Waite wanted to see a Tarot deck in which every card was illustrated – which was something completely new. Up until this point, throughout the history of Tarot, decks primarily had illustrations only on the Major Arcana, and sometimes the court cards. The only known example of a fully illustrated deck, up until this point, was the Sola Busca deck, commissioned by a wealthy Milanese family in the 1490s. Waite suggested Smith use Sola Busca for her inspiration, and there are many similarities in the symbolism between the two decks. Smith was the first artist to use characters as representative images in the lower cards; rather than just showing a group of cups, coins, wands or swords, Smith worked human beings into the mix, and created a rich tapestry of occult symbolism that set the gold standard for modern Tarot decks.

The resulting collection of 78 cards was published by Rider and Sons, and sold for a whopping six shillings as the first mass market Tarot deck. Thanks to the publisher and Edward Waite, the deck became known commercially as the Rider Waite deck, although in some circles it is now referred to as the Waite Smith deck, or even Rider Waite Smith, as credit to the artist.

Interestingly, Smith did not receive royalties from the deck, and it appears that she wasn’t paid much at all for her creation of the original work. Although her artwork was popular, she never seemed to gain mass commercial success, and she died penniless in Cornwall in 1951.

Although Smith’s artwork appears simple on the surface, it’s deceptively complex. Each piece represents so many different aspects of the human experience, which is why this deck – whether you call it Rider Waite, RWS, or Waite Smith – has become such a valuable tool for intuitive readers.  Many modern Tarot readers owe a great debt to Pamela Colman Smith, for providing us with a collection of 78 paintings that delve so deeply into our hearts and souls.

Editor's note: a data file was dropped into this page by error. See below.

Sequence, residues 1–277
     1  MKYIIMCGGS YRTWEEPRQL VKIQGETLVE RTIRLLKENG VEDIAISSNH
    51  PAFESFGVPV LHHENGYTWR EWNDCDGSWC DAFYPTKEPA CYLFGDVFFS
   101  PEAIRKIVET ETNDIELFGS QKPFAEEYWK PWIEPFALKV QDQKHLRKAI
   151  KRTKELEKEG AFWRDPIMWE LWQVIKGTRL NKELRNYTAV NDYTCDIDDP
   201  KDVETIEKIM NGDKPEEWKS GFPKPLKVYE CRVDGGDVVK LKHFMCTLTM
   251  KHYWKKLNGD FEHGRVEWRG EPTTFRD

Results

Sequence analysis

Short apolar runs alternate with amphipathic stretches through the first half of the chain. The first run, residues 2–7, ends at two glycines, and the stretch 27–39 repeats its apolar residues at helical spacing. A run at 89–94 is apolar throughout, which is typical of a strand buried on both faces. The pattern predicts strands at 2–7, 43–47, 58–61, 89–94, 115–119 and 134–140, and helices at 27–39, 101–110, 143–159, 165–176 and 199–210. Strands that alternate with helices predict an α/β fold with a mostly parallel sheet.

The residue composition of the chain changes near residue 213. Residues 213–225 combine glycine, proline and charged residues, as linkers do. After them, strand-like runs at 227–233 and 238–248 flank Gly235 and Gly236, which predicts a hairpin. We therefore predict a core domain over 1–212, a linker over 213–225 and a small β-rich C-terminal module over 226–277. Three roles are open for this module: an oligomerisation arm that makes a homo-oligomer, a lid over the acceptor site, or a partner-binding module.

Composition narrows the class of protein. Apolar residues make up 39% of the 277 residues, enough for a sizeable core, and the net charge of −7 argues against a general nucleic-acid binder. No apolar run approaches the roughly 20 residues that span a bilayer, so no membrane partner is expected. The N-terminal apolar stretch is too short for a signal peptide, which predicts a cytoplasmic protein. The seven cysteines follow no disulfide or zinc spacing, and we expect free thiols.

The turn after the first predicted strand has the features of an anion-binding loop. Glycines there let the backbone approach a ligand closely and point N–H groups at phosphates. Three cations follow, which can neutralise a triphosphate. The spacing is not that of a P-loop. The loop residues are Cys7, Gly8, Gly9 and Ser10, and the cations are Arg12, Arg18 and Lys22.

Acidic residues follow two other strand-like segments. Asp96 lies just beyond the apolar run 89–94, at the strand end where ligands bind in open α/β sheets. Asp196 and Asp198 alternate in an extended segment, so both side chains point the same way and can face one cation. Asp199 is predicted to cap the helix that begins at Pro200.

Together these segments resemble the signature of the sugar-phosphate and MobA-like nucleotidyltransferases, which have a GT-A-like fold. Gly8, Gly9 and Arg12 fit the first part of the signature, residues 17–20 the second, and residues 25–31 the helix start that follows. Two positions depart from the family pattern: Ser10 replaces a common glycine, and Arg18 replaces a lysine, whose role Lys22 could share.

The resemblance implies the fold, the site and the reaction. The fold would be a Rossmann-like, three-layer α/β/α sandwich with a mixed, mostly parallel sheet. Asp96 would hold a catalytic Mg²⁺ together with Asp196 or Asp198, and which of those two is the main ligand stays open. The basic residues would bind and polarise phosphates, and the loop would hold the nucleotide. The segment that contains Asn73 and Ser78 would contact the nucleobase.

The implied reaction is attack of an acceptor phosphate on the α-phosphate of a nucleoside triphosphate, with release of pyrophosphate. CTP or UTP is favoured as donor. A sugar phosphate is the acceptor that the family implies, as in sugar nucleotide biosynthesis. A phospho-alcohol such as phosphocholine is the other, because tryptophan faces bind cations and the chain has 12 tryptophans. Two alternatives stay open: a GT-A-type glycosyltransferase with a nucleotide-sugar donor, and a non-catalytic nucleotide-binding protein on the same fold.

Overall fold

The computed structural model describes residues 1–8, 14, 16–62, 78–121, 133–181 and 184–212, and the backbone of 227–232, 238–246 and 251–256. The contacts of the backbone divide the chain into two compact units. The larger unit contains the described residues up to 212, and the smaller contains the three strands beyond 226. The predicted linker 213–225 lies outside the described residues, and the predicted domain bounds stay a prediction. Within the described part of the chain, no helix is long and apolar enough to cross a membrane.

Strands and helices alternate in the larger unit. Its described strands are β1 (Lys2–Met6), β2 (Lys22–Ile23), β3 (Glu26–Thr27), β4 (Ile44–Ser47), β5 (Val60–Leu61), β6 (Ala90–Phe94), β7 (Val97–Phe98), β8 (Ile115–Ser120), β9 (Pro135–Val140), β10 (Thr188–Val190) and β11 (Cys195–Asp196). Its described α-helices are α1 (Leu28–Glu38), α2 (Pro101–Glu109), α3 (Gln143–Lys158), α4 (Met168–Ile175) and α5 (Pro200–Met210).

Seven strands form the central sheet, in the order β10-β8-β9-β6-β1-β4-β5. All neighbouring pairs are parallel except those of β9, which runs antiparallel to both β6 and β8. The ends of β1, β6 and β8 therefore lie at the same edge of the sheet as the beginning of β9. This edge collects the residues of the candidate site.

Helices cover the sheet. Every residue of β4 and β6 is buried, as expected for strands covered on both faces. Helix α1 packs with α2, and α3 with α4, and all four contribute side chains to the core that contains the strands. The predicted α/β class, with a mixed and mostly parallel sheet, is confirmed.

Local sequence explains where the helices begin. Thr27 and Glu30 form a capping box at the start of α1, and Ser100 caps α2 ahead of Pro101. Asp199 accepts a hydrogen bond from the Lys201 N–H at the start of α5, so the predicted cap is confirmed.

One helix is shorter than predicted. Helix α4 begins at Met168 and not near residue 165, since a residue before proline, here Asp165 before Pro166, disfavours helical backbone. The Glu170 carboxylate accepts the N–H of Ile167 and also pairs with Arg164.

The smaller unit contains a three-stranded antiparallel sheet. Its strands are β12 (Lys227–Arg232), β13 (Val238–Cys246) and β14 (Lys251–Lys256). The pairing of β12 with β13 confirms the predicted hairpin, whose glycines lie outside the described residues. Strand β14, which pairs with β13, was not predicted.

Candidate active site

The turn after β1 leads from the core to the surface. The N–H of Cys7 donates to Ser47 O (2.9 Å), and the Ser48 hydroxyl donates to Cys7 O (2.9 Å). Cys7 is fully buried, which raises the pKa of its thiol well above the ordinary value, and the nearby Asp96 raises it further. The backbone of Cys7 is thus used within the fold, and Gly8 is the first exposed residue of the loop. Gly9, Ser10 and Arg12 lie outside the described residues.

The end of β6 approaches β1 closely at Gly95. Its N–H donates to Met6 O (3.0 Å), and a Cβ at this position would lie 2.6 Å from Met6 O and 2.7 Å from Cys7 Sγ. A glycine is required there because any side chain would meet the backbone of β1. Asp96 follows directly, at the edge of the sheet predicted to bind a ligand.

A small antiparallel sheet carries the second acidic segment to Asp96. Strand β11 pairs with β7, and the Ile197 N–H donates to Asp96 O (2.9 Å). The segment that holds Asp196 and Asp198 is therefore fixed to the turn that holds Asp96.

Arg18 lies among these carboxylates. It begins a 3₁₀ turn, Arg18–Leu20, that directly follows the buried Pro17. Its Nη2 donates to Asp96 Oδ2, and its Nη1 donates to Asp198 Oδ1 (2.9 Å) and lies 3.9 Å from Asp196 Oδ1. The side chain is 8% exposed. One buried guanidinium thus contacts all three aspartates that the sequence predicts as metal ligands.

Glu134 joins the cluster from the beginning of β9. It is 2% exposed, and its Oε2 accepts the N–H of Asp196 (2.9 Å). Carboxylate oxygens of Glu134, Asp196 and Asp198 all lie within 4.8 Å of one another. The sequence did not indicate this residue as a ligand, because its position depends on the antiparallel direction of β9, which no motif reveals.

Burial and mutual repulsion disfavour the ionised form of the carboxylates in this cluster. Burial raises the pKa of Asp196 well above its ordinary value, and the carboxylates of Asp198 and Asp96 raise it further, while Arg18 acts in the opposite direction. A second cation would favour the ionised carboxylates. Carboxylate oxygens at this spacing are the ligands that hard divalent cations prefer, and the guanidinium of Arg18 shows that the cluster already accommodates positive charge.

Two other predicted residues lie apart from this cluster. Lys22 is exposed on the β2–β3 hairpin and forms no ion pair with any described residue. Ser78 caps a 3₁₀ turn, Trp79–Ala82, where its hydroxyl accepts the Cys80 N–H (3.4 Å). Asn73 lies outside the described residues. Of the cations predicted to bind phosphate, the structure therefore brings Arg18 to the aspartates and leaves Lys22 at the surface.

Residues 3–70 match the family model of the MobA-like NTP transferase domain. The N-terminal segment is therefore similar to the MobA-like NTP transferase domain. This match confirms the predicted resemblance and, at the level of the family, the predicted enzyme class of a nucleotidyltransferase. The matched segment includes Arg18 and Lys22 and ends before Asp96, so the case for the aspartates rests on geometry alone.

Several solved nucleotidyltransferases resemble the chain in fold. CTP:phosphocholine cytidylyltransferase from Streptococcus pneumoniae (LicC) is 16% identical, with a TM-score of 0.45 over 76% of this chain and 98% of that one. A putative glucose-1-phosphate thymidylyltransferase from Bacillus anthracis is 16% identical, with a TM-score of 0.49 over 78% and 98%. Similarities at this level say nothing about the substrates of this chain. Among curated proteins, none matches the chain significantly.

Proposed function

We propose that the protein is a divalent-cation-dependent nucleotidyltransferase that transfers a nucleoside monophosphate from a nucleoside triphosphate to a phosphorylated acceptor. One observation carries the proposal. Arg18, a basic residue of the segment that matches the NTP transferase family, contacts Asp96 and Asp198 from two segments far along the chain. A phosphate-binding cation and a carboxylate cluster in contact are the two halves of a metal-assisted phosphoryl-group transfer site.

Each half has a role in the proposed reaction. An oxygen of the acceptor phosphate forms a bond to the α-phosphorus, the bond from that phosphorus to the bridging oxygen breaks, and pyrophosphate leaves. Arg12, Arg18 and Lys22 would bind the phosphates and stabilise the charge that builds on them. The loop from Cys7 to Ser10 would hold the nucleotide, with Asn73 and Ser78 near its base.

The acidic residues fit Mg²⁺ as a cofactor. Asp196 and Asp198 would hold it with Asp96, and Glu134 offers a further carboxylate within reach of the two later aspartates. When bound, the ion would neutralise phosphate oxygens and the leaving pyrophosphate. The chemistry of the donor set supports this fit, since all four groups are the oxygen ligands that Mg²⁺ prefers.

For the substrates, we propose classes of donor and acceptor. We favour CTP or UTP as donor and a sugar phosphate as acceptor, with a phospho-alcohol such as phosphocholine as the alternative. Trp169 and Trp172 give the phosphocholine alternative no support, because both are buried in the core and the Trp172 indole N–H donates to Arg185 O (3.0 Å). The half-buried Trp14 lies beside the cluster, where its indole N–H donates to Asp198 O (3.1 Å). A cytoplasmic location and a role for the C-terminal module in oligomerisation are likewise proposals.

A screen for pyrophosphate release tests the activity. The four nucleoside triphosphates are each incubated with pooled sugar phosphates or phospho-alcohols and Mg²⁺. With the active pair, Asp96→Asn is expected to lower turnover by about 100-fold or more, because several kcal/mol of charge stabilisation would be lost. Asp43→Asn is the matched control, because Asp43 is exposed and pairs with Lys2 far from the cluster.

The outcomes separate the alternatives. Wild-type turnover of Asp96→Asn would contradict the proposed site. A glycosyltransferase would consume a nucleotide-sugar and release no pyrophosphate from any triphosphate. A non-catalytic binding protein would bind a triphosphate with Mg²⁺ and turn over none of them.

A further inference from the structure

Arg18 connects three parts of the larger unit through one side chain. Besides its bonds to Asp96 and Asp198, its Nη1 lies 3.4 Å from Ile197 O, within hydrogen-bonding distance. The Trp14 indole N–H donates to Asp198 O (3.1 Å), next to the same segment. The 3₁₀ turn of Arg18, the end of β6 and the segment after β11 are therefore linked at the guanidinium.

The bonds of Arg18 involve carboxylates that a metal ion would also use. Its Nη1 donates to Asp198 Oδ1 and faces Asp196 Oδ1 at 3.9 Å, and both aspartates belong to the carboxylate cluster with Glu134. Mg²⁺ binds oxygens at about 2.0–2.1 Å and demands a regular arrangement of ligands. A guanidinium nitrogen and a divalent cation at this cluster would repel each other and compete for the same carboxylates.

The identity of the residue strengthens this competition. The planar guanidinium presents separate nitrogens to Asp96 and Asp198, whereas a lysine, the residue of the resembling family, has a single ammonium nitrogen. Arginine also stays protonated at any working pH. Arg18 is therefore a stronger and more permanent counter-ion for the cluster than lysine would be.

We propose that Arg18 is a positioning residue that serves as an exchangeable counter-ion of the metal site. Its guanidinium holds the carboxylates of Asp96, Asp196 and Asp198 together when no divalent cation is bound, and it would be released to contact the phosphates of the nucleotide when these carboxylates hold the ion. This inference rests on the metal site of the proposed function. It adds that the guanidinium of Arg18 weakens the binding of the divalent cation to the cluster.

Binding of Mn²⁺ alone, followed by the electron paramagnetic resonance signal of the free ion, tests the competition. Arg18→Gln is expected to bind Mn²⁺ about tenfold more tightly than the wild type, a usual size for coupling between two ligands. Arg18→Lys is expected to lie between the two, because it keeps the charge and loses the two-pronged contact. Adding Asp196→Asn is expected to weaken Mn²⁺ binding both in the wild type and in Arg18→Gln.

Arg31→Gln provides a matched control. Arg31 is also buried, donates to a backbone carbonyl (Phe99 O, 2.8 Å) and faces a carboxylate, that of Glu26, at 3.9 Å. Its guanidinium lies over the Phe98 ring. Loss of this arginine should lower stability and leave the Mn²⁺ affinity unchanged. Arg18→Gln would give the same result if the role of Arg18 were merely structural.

For a thorough and in-depth look at Pamela Colman Smith and her life, be sure to read Beth Maiden’s post at AutoStraddle, Fool’s Journey: The Fascinating Life of Pamela Colman Smith or Mary K. Greer’s The Art of Pamela Colman Smith.

The Intro to Tarot Study Guide is Here!

A few weeks ago I announced that About.com had advised us that they would shortly be doing away with the e-courses. While it was disappointing to hear, there are certainly solid reasons for the decision on their part – however, a LOT of readers have given me feedback in the past about how much they loved the e-courses. Two in particular, the Intro to Paganism & Wicca and Intro to Tarot courses, were extremely popular. When I posted this initially, I was able to announce that I’d revamped the Intro to Paganism & Wicca e-class into a 13-step self study guide, which is getting really great responses.

StopBuying2Today, I’m pleased to say that the Intro to Tarot Study Guide is now available! It’s a six-step self-study program that you can use at your own pace – all of the content of the original e-course is included, as well as new and updated information. Don’t worry, there are no pop quizzes, grades, or weird bell curves involved – work through it at your own pace, whether it takes you six days or six weeks or even six months!

It’s a chance for you to follow one of my favorite suggestions: read, study, learn, and grow – and I hope you find it as beneficial as other readers found the older-style e-classes!